for way too soon can come absence.

by Henry H. Walker
May 8, ‘16

Thursday, May 5, 2016

revealing more than feels comfortable

from out of the exuberance of my love?

why not retire?
why not quit making the effort?
why not go gently into denouement?
why not use time and energy still left to me
for callings that do not demand so much of my self?

I remember my mother describing my father
as readily persevering when he was exhausted,
her judgment readily visited upon another
who would quit the effort when he got too tired,

I know I have a mighty super-ego in me,
a driving conscience that brooks no slackness, no lesser, 
that is, to the child in me, a father harsh in expectation,
harsh in demand, harsh like a slap to the slack,

my tentative self needs reassurance,
so I crave acknowledgement, unqualified approval and support,
and I fear to be found lacking, lesser, late,
diminished from what I could and should be,

before I got fully into teaching, 
I wrote of the importance of making teacher self dispensable to the learner,
of not inculcating dependence upon teacher as guide,
now I feel I need to not just be dispensable
but also to be as invisible as I can be,
like an enzyme that allows change, while standing aside,
so that the learner rightly takes credit
and fully owns the emergence into power,

much of me is an introvert, one daunted by the social,
exhausted by the dance
where my moves must find and follow 
the moves of the others,
I am good at the extrovert,
for I care and know well who the others are, and can be,

yet I need to be there for others
from out of the exuberance of my love,
not from a checking-off of duties imposed upon me
by a desperate need for overt approval,

I am who I am,
and I need to work more to get right
with whom I feel God to be
than to get right with the super-ego within me
who feels itself to be the voice of a judging God,
and drives me to clutch at affirmations
to balance how diminished I can feel myself to be.

by Henry H. Walker
May 1, ’16

the pleasant, and the smart


I love to be there for upper school theater,

I particularly savor performances of young adults
whom I’ve known in early versions of themselves as actor,
and now tonight coming even more fully into their power,
I also savor actors whose past was elsewhere
and who bring their present fully, masterfully, here,

the vehicle? Harvey,
a tight flame of hope amidst the darkness
with which the tyranny of the materially real
works to supplant the flame of the imaginatively real,

as we grow up we are empowered by the tools of doing,
by the adult breadth of knowing,
and we can too easily forget the child’s tools of being,
the depth that a moment of the seemingly commonplace can have,

Harvey reminds us to hold on to the best 
that the childlike can perceive and act upon,

how to be “so pleasant” and not just “so smart.”

by Henry H. Walker
May 4, '16

Tuesday, May 3, 2016

a deficit disorder

reordered by nature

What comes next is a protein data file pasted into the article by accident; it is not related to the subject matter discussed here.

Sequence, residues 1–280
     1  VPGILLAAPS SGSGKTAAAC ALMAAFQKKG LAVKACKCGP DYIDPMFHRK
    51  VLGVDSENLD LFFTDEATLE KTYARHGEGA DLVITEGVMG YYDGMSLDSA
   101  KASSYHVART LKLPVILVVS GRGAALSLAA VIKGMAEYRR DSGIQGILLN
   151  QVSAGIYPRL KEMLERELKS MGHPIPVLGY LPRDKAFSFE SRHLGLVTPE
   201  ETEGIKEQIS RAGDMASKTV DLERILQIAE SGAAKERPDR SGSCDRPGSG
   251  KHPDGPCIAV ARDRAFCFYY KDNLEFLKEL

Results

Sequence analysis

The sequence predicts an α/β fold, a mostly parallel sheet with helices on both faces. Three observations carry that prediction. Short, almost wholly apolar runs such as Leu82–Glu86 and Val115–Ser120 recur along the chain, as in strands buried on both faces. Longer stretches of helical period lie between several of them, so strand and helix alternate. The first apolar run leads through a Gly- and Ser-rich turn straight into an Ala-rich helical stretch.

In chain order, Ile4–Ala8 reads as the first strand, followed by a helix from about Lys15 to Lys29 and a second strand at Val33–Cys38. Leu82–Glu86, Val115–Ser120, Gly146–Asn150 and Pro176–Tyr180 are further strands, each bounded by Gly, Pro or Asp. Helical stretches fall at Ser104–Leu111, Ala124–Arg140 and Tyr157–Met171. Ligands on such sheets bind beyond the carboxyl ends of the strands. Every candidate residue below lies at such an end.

sometimes when I’ve found the way
to work myself up into unbridled nature,
I’ve brought within me concerns
that pull my attention away
from the spirited cacophony
of mazing forest and fluidly live stream,
that bridle me as some worldly anxiousness rides me,

I remember well a gorgeously wintry snowfall up here 
when I could only think of needing a car
and figuring what monthly payments we might manage,
visions of figures dancing in my head
when a wonderland presented itself before my eyes,

today I wrench myself away from all the “doing”
that defines me and gives me self-worth,
all the connections I work so hard to build and maintain:
students, colleagues, wife, the needs of household and garden,
all those important ties that help tell me
who I am and that give me worth,

as I drive across North Carolina by myself,
I find myself alone and scared,
I question who I am and who I could be
without the ever-present definition
of me in connection to the other,
I love other people,
I see them, feel the effort of their being,
and applaud every step forward each can make,

yet I also get tired,

most important to me? my wife,
together we make a one,
even there, though, I need an absence
so that I can reboot
and find myself more present to each moment,

on the drive I feel lost for a time
until my systems start waking up anew
and I find wildflowers on mountain top and within the valley,
until I follow through on logistics
for bringing my students up into the mountains
from whence can cometh their own rebooting,

all of us can be disordered
when we suffer from the absence of nature,

as I start to write this poem,
five kids start up the creek:
exploring, yelling, discovering, rebooting their own selves,

now I need more to hear the silence of the woods
and the self-contained murmuring of the stream
than the exuberance of kids, now healing in nature,
so I wander up into the woods, deeper than usual,
and I almost realize the center before me,
the grounding I need,
until a multitude of bugs 
distracts me into annoyance.

by Henry H. Walker
April 29, ’16

Monday, May 2, 2016

the queen of wildflowers

lady slippers

today, my feet return me
to where I hoped to find
lady-slippers, a gorgeous pink wildflower,
so exuberant and perfect in its beauty
it is as an indulged queen to other flowers,

I come around a bend in the trail,
and there it is!
I am touched,
and my camera touches it,
and then its sisters, again and again,
so that I can remember this moment of glory,

high up on the mountain earlier today,
I found “sarvis” a-bloom:
a tree exuberant,

one who rushes to be and flower
when winter slips away enough to allow it,

two days pass, and in another part of the forest,
I reprise discovery with two perfect yellow lady slippers,
who have even ruled human feet
to make a side trail to find them,

if a flower blooms in the forest,
and someone is there to see it, and appreciate it,
we are richer. . .

is it? 

by Henry H. Walker
April 29, ’16